Servants' News

May/June 1999

TBN: Changing the Way the World Views Christians

The Trinity Broadcasting Network (TBN) founded by Paul and Jan Crouch in 1973, started small but is now seen around the world. Many cable companies throughout the country carry its programming 24 hours a day, and many other stations carry some of the programming originating from the network. For those who do not regularly attend church, the programming of TBN is their main view of just what Christianity is all about. However, it is a skewed view, as the programming on TBN is dominated by Third Wave and Word-Faith Charismatic teachings (see accompanying articles for explanation on this terminology).

In the 1950s, 60s, and 70s, the exposure of most TV viewers to "religion" was mostly limited to Billy Graham TV specials, and the Sunday morning preaching of individual televangelists such as Oral Roberts, Robert Schuller, or Garner Ted Armstrong. These programs had obvious Biblical content, and thus most folks with no particular interest in the Bible would likely watch for only a few moments and then move on to something more exciting.

But the advent of TBN has changed this scenario quite a bit. The network carries individual programs by a variety of Charismatic teachers, special events such as large national revival meetings, Christian "interview" shows, musical programs featuring top Christian performers with a variety of styles from old-time Southern Gospel quartets to popular "contemporary Christian" music, specialty programs on "natural health" and "alternative medicine" topics, and much more. Thus, if a person is "surfing" TV channels, they may well stop to see the music or the comments by a doctor on good nutrition, and stay on to see the next "Bible teaching" show. A person with no particular religious affiliation or background would have no way to evaluate the specific doctrinal slant of any of these teachers. Thus they might well assume that all Christians believe just like the people they see on TBN.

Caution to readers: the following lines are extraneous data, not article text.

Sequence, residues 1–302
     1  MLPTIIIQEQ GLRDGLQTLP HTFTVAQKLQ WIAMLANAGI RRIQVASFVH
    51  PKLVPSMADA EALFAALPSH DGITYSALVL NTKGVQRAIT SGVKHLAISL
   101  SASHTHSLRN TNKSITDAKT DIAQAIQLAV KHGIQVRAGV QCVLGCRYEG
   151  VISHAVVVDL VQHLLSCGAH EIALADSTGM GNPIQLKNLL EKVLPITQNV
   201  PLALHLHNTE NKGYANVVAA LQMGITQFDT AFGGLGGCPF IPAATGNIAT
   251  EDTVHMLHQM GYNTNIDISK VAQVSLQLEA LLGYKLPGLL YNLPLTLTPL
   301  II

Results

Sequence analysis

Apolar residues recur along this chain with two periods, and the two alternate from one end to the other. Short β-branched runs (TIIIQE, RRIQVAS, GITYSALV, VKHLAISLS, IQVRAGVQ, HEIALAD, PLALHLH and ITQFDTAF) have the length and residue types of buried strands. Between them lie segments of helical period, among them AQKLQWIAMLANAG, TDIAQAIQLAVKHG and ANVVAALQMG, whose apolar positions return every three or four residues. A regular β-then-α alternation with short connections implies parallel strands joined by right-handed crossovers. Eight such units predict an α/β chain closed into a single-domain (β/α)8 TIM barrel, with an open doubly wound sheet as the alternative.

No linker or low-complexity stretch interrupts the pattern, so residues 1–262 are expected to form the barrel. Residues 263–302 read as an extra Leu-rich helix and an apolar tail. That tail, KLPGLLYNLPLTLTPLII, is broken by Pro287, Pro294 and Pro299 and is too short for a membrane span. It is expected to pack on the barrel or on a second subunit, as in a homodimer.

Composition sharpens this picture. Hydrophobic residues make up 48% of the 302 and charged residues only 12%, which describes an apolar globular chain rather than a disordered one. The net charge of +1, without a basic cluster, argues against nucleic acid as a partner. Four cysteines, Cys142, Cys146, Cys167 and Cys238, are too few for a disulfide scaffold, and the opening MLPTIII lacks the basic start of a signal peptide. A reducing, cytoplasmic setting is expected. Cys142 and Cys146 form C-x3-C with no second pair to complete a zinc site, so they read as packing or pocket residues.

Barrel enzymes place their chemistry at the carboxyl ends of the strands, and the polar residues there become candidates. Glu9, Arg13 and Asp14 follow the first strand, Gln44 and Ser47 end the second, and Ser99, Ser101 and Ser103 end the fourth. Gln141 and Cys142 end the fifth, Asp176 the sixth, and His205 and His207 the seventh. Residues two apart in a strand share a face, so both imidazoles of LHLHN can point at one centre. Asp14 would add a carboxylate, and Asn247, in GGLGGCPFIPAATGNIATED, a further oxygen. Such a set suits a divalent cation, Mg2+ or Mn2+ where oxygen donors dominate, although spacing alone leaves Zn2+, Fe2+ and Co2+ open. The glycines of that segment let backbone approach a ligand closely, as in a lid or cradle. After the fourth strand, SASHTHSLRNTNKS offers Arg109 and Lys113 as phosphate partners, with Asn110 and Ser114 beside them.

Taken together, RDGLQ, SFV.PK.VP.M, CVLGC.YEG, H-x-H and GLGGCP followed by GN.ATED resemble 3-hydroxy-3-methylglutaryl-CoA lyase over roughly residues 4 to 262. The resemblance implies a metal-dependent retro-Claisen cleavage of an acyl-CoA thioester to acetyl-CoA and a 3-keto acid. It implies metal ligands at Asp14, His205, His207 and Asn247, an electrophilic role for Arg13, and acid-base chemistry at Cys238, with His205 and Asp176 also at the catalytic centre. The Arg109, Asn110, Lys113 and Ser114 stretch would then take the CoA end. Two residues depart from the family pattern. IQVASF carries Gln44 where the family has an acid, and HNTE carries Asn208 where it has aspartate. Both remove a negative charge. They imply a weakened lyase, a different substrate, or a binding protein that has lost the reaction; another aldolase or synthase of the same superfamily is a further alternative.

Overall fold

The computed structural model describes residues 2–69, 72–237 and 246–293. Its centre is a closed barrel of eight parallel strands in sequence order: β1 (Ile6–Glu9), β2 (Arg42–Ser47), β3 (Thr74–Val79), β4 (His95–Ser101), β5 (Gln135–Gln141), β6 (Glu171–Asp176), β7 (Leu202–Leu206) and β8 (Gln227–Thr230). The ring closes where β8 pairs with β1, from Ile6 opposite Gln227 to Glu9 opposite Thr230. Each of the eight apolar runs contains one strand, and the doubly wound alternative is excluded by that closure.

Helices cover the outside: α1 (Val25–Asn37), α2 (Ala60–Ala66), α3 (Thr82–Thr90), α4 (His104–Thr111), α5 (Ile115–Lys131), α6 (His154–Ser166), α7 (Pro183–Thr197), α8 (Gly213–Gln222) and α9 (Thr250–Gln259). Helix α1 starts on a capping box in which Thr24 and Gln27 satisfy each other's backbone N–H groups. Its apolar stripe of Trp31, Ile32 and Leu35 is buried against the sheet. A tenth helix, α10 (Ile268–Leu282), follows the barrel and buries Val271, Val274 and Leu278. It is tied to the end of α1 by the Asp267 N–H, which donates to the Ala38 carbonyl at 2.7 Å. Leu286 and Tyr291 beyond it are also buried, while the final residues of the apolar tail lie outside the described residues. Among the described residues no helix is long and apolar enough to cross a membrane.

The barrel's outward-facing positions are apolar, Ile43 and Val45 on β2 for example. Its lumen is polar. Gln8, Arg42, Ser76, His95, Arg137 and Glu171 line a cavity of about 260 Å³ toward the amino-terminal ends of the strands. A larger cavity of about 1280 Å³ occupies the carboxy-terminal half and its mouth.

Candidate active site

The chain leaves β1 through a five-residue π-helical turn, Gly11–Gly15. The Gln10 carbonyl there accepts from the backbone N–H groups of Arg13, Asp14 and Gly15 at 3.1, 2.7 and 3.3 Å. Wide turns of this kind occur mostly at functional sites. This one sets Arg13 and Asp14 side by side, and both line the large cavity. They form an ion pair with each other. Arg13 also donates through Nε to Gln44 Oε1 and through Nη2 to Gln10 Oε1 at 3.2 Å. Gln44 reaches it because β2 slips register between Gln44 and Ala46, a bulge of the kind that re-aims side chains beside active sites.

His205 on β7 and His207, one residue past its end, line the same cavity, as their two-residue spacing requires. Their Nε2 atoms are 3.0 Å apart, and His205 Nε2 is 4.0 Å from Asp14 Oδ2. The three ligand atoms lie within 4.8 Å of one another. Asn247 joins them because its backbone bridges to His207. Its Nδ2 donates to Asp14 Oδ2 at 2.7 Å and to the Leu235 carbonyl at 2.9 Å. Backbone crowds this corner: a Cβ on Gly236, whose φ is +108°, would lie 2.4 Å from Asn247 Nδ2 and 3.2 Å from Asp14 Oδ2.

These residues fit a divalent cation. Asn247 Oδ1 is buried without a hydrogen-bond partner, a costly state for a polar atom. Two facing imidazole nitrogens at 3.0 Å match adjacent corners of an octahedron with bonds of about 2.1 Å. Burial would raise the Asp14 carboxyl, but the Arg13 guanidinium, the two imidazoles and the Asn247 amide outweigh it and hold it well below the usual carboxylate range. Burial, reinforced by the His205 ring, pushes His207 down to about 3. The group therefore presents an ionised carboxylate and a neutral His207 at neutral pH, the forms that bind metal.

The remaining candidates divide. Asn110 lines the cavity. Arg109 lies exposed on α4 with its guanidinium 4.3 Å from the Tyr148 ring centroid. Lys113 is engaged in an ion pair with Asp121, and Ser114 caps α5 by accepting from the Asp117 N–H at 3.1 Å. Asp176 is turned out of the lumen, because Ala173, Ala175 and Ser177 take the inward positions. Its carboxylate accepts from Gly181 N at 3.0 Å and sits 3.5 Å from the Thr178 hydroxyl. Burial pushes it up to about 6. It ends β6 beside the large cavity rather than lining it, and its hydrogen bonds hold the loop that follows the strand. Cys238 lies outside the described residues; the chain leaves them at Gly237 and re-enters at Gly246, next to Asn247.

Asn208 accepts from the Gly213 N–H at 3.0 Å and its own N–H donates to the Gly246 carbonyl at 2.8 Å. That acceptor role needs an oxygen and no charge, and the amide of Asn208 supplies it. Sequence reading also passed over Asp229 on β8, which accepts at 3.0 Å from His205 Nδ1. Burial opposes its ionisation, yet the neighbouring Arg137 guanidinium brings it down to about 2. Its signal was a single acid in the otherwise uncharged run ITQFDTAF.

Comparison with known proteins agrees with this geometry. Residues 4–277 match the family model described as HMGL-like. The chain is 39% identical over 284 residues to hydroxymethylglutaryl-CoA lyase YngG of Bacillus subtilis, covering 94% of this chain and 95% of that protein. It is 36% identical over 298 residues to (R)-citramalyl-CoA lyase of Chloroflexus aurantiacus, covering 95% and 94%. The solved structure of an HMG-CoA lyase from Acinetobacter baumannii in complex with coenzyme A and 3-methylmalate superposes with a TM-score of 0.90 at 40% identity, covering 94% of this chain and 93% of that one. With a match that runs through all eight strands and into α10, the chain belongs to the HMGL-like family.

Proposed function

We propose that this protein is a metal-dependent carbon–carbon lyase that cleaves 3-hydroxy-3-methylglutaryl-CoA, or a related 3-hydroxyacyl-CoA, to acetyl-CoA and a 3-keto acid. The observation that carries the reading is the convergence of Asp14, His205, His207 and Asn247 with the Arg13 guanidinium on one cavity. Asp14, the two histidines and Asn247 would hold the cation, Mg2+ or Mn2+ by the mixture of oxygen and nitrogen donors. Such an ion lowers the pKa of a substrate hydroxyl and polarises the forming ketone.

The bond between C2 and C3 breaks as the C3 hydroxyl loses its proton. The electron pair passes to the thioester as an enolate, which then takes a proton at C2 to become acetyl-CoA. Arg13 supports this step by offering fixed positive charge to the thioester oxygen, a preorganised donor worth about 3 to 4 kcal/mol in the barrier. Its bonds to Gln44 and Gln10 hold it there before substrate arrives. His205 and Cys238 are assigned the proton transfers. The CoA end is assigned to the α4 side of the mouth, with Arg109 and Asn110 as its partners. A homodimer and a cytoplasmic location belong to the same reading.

Most Charismatic teachers have learned not to alienate their audience by prominently displaying their most "unusual" doctrinal beliefs on their public programming. On the air, they usually preach very general messages about the Bible which are quite true, mixed in with their own specific doctrines which are less biblical. Audiences may be impressed with the amount of "joy" displayed by the preacher, his staff, and the folks in his audience. And thus they may seek out his latest book or attend a "revival" meeting in their area. With very little—or no—Bible knowledge with which to evaluate what they hear and read, such a person can be quite easily sold on Word-Faith teachings, totally unaware of the scriptures that would counter this material. Since TBN rarely if ever says "we represent only a small part of Christianity" and since their main speakers are all Charismatic, their teachings throughout the week and around the clock only serve to reinforce the false idea that "they are Christianity". —PD

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